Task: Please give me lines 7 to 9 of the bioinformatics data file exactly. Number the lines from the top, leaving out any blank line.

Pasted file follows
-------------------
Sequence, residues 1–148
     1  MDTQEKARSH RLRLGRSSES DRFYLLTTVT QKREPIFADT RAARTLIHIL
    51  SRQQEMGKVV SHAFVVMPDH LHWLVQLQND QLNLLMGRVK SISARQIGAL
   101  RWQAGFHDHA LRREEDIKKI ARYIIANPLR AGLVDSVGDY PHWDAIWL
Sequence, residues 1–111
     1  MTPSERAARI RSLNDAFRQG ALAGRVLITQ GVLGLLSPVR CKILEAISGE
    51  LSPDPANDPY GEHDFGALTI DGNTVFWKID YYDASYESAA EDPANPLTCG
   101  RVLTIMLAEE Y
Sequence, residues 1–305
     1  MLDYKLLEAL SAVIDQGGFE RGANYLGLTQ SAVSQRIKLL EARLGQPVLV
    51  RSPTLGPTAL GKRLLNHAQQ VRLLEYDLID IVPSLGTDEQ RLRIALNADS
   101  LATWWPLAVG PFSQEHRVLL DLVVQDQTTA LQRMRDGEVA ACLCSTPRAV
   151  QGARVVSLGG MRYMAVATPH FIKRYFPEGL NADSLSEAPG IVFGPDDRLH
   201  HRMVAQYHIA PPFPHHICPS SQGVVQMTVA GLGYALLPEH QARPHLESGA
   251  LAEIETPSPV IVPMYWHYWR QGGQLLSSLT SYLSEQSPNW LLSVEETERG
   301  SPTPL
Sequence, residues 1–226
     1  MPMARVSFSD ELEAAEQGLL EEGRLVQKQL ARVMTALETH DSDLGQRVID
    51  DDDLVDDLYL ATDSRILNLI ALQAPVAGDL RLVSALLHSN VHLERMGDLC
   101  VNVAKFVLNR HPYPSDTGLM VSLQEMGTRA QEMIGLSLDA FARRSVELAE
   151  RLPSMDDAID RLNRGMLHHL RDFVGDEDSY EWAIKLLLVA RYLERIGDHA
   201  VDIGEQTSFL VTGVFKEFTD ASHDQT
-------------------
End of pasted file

    51  LSPDPANDPY GEHDFGALTI DGNTVFWKID YYDASYESAA EDPANPLTCG
   101  RVLTIMLAEE Y
Sequence, residues 1–305